JMIR Public Health Surveill. 2020 Sep 9. doi: 10.2196/19424. Online ahead of print.
BACKGROUND: CT scans are increasingly available in clinical care globally. They enable a rapid and detailed assessment of tissue and organ involvement in disease processes that are relevant to diagnosis and management, particularly since the coronavirus outbreak in the world.
OBJECTIVE: We wanted to compare CT scan findings of patients that were COVID-19 positive (confirmed via nucleic acid testing) to patients who were confirmed COVID-19 negative.
METHODS: A retrospective cohort study was proposed to compare patient clinical characteristics and CT scan findings in suspected COVID-19 cases. A multivariable logistic model with LASSO selection for variables was used to identify the good predictors from all available predictors. The area under the curve (AUC) with 95% confidence interval was calculated for each of the selected predictors and these combined selected key predictors.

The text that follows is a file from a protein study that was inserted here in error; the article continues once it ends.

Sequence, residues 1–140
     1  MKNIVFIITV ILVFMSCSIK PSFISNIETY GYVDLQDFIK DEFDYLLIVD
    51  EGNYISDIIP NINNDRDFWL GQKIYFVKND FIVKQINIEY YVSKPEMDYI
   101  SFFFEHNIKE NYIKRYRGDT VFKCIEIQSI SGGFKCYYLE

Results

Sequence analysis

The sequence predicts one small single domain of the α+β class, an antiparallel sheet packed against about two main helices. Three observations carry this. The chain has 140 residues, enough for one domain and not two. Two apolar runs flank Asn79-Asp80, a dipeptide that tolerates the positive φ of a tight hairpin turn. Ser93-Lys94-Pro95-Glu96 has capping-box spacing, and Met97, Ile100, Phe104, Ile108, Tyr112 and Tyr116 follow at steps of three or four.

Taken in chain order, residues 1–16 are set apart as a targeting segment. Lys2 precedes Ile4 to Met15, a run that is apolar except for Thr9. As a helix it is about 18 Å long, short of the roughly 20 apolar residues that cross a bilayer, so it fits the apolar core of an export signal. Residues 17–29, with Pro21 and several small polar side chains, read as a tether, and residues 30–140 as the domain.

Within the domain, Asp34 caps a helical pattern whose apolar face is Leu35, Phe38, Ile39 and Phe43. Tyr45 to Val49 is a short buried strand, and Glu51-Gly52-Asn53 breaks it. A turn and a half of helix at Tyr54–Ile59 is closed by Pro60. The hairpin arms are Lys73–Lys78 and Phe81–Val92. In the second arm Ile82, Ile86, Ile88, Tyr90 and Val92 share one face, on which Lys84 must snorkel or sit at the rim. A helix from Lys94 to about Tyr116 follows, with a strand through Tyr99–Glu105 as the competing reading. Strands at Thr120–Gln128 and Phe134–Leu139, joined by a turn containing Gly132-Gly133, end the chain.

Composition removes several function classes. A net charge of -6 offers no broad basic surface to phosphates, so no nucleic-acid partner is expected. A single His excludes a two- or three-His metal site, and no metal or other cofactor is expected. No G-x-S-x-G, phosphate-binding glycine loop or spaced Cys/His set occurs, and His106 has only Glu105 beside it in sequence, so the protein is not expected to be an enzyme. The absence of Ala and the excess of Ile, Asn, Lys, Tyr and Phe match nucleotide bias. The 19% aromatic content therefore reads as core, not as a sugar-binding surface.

RESULTS: A total of 94 (56%) patients were confirmed positive for COVID-19 from the suspected 167 patients. We found that elderly people were more likely to be infected by COVID-19. Among the 94 confirmed positive patients, 2 (2%) patients were admitted to an intensive care unit, and 0 (0%) patients died during the study period. We found that the presence, distribution, and location of CT lesions was associated with the presence of COVID-19. White blood cell counts, cough, and a contact history of Wuhan also were the top predictors for COVID-19. The overall AUC of these selected predictors is 0.97 (0.93, 1.00).
CONCLUSIONS: Taken together with nucleic acid testing, we find that CT scans can allow for the rapid diagnosis of COVID-19. This study suggests that chest CT scans should be more broadly adopted along with nucleic acid testing in the initial assessment of suspected COVID-19 cases, especially for patients with non-specific symptoms.